The stakeholders themselves are changing in the deployment of security at colleges and universities. In many of the successful efforts of educational campuses across the country, the task of system management is moving to the Campus Safety Department as the owner of the systems, rather than spreading control among departments, which can be unwieldy in an emergency and even sabotage standardization of technologies. In the past, each department would dictate and specify its own security technologies and then ask campus safety to support the specification. Now, the departments are referring to campus safety – initially — for their recommendations and these departments are standardizing on physical security solutions and communications as set forth in their plan – which, ultimately, assists in the connected campus and effective emergency response.

Part of the campus safety and security plan requires establishing procedures and processes. The campus safety plan becomes the university’s living document that can be changed, but only through team consensus. For example, it sets procedures for locking entry and exit doors at certain times or schedules. It also can get as specific as what kinds of devices are to be used on doors, down to the manufacturer and part number, ensuring compatible technologies. Once this baseline document and plan is established, public safety and security initiatives run smoother.

Emergency lockdown has become another critical solution on campus and also needs planning as far as how it will operate. While the actual implementation of the solution may be simple, it can be complicated to manage and maintain. For example, will it lock down all buildings or certain buildings and what’s the criterion for that to happen? Who can initiate a lockdown? What does a lockdown entail for a specific campus? There are many potential scenarios, but each should be unique and genuine to the school in the way it is used.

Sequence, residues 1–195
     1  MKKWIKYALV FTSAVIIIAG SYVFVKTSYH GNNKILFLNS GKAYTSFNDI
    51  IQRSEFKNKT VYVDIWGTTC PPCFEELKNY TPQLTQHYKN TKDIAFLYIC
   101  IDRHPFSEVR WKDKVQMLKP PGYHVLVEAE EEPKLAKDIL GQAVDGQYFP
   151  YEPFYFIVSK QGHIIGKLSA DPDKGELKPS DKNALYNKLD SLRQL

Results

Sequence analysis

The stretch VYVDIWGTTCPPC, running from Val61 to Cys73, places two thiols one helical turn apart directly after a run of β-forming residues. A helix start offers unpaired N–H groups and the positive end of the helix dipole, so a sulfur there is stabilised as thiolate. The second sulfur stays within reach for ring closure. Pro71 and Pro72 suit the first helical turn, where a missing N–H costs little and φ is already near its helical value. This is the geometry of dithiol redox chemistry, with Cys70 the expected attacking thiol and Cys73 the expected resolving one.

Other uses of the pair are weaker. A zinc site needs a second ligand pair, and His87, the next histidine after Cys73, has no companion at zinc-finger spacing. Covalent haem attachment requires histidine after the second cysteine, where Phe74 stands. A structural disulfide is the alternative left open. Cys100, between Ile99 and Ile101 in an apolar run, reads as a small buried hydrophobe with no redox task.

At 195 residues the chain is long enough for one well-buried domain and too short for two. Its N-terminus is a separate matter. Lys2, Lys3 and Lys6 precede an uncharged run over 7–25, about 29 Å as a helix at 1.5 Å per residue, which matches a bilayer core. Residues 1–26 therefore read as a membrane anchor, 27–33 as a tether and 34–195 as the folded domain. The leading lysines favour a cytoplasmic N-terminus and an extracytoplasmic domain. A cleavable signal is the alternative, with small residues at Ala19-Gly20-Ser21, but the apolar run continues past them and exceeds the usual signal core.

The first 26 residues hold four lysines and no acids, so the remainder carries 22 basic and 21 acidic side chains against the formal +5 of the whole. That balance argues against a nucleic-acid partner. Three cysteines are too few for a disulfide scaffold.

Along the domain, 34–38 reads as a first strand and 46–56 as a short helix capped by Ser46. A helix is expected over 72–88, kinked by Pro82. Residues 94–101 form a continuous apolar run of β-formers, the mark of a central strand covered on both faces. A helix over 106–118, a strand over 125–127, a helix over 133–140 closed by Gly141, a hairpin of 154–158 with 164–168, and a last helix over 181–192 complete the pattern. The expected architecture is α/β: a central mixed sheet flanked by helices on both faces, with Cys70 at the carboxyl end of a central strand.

One central point of command and control is an impetus in unifying campus communications. The most effective response comes from a single, trained command center. Communications are coming into one point and in larger and remote campuses; sub-command centers may be in place. Security management systems, mobile applications and web accessibility are helping off campus officers and security guards have ready access to central command from remote locations, as well.


Connectivity and collaboration is also bringing creative security and safety solutions to the campus environment. At Edinboro University in Edinboro, Pa., a custom system was developed and deployed in an ADA application for a student who required assistance opening and closing doors.

Without the solution, the student would need to leave the door open at all times, an unsafe situation, at best. Working together, the integrator and the university team devised a solution to allow the student to control her door via a custom application accessible on her smartphone and laptop. Once activated, the app initiates an electric strike that engages the accessible door operator so it opens automatically.


The proliferation of mobile technology, web and cloud-hosted platforms and open communications is driving the future direction of the connected campus. Near field communication and the ability to use the smartphone as an access control device is already proliferating many institutions. Bluetooth is further extending connectivity to areas without a network connection or poor signals, keeping students always connected.

Working in collaboration with all stakeholders to address technology and developing plans and standards sets the stage for the success of physical security and the connected campus among educational campuses.

This article originally appeared in the July 2016 issue of Security Today.